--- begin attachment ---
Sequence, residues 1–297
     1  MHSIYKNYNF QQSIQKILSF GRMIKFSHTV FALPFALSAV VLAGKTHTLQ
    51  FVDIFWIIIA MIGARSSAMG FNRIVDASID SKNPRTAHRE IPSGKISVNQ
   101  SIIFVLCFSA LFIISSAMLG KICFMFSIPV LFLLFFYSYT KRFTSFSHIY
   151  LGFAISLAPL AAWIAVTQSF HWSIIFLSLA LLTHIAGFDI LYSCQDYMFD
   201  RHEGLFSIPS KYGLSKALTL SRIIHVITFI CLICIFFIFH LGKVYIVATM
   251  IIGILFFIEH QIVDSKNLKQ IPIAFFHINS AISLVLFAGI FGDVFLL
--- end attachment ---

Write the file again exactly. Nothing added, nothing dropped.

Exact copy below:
Sequence, residues 1–297
     1  MHSIYKNYNF QQSIQKILSF GRMIKFSHTV FALPFALSAV VLAGKTHTLQ
    51  FVDIFWIIIA MIGARSSAMG FNRIVDASID SKNPRTAHRE IPSGKISVNQ
   101  SIIFVLCFSA LFIISSAMLG KICFMFSIPV LFLLFFYSYT KRFTSFSHIY
   151  LGFAISLAPL AAWIAVTQSF HWSIIFLSLA LLTHIAGFDI LYSCQDYMFD
   201  RHEGLFSIPS KYGLSKALTL SRIIHVITFI CLICIFFIFH LGKVYIVATM
   251  IIGILFFIEH QIVDSKNLKQ IPIAFFHINS AISLVLFAGI FGDVFLL